5 Hard Truths for the Religious Right After 2016

Donald Trump holds up a Bible during the Values Voter Summit ( AP Photo/Jose Luis Magana)

Few figures among the religious right attract the kind of scorn directed toward Russell Moore, president of the Southern Baptist Convention’s Ethics and Religious Liberty Center (ERLC). Nevertheless, there is a great deal religious conservatives should learn from Moore, even if it is uncomfortable to listen to him.

Indeed, following Moore’s latest salvo on the 2016 election, printed in First Things, many Baptist leaders responded in anger. “I am utterly stunned that Russell Moore is being paid by Southern Baptists to insult them,” declared former Arkansas Governor Mike Huckabee, a previous minister at two Southern Baptist churches.

Huckabee blasted Moore for his criticism of President-elect Donald Trump, acting as though Moore disagreed with Trump’s policy positions. “If issues like the protection of the unborn, Biblical marriage, or helping people out of poverty rather than enslaving them to government programs that keep them impoverished for life aren’t important to Mr. Moore, then he should show some integrity and stop taking a paycheck funded by the very people he holds in such contempt.”

Fellow Southern Baptist and Texas Congressman Louie Gohmert agreed. “I can say that Russell Moore has made more of an effort to make the Southern Baptist Convention irrelevant in America than anyone else in my lifetime,” Gohmert declared. “May God forgive him, he has no clue of the damage in his wake.”

David Lane, founder and president of the American Renewal Project and an activist for getting pastors involved in politics, blasted Moore as a “divider” and not a “uniter,” and argued that his approach to politics “likely empowers Democrat control of the Executive, Legislative and Judicial branches of government — ad infinitum.”

Despite all this vitriol against him, Moore actually made good points about the political temptations of the religious right. His criticisms should be taken with a grain of salt — Moore’s points do often seem anti-Republican — but there is a good deal to learn about how politics can corrupt the gospel, which should be at the center of evangelical Christianity.

1. Avoid hypocrisy.

Moore inspired so much backlash partly because he was not afraid to say the most politically incorrect thing on the right these days — that the very same “moral majority” which denounced the sins of Bill Clinton minimized or explained away those same sins in Donald Trump.

The crisis of the religious right is not that evangelical leaders — and voters — overwhelmingly backed Trump, but that the religious right’s political establishment “ignored or downplayed some of the most morally troublesome questions of personal character.” Moore lamented that “some—mostly Evangelical—political leaders have waved away misogyny and sexually predatory language as ‘locker room talk’ or ‘macho’ behavior.”

“Some have suggested that their candidate has never claimed to be ‘a choirboy’—thereby defining deviancy down to such a degree that respect for women, protection of the vulnerable, and a defense of sexual morality are recast as naive and unrealistic,” the ERLC president added, while “others suggested that we need a strongman (implying a strongman unencumbered by too many moral convictions) in order to fight the system and save Christians from a hostile culture.”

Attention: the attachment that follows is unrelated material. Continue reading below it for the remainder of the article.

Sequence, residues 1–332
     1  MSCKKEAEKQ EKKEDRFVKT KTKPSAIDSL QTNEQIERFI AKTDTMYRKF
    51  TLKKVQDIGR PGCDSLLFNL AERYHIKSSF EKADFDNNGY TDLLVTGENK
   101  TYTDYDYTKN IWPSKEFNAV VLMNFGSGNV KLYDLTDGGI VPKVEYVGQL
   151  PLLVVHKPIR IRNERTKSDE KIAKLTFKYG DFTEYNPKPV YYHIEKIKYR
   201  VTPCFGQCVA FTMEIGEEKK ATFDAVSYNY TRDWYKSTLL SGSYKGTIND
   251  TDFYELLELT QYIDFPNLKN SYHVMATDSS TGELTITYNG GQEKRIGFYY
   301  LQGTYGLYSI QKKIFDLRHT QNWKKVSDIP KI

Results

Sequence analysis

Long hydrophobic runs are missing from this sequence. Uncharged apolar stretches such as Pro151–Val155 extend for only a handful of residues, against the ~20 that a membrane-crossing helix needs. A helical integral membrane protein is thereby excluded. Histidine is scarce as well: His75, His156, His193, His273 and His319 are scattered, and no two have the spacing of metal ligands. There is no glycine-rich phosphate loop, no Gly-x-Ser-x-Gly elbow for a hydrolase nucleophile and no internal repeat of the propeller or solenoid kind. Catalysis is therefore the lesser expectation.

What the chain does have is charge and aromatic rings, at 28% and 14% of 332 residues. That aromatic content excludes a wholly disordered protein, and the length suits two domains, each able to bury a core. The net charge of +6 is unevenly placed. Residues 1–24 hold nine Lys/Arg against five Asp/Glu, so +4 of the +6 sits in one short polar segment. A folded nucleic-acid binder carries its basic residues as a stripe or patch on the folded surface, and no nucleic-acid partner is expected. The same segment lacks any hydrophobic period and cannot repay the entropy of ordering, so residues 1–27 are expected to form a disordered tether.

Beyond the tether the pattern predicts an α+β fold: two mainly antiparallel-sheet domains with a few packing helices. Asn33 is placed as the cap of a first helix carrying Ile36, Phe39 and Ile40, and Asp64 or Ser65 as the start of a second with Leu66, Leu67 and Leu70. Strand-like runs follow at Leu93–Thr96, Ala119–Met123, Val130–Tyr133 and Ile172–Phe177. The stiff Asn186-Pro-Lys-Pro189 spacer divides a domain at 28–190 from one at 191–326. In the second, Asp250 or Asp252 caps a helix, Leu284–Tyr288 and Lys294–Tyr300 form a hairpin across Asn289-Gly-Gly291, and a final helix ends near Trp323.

These declarations came from the same group which loudly condemned President Clinton’s character following his affair with Monica Lewinsky. At that time, leaders in the religious right argued that Americans should put moral standards above practical considerations, and vote for good character first.

Yet this past year, some Christian activists even put “conscience” and “witness” in scare quotes, something Moore noted as “a rhetorical gesture worthy of an Obama administration solicitor general.”

The ERLC president was not quibbling with Christians who chose Trump as a less bad alternative to Clinton, but with those who attacked conscientious objectors as “holier than thou.” The difficulty came when they held up Trump as a moral champion or dismissed the candidate’s flaws as unimportant.

“The people who warned us to avoid moral relativism now tell us that we should compare our choices not to an objective standard but to the alternative, as if an election transcends moral principle,” Moore added, damningly. “The religious right turns out to be the people the religious right warned us about.”

2. Don’t redefine your religion for politics.

This hypocrisy may have severely weakened the religious right’s moral credibility, but this wasn’t “the most traumatic wound of 2016,” as Moore saw it. The biggest problem came when “some Christian leaders and publications pronounce[d] a self-described unrepentant man a ‘baby Christian’ or as representing ‘Christian values and family values.'”

Trump has committed sins — everyone has — but the biggest problem with calling him a “baby Christian” is that he has not repented. In fact, he has publicly declared that he has not repented of his sins. Trump actually said, “I’m not sure I have ever asked God’s forgiveness. I don’t bring God into that picture.”

This is no small thing. The Christian gospel only involves four main points: that God made people, that humans broke their relationship with God by sinning against Him, that God Himself came down in the person of Jesus Christ, and that Jesus died for our sins and rose from the dead to redeem humanity. Christianity is about repenting from our sins, accepting Jesus’ gift of eternal life, and spreading that good news.

Repentance of sins — to God, against whom every sin is committed — is the central prerequisite of being a Christian. In calling Trump, who publicly said he doesn’t remember asking God for forgiveness, a “baby Christian,” evangelical leaders have blurred the definition of Christianity in dangerous ways.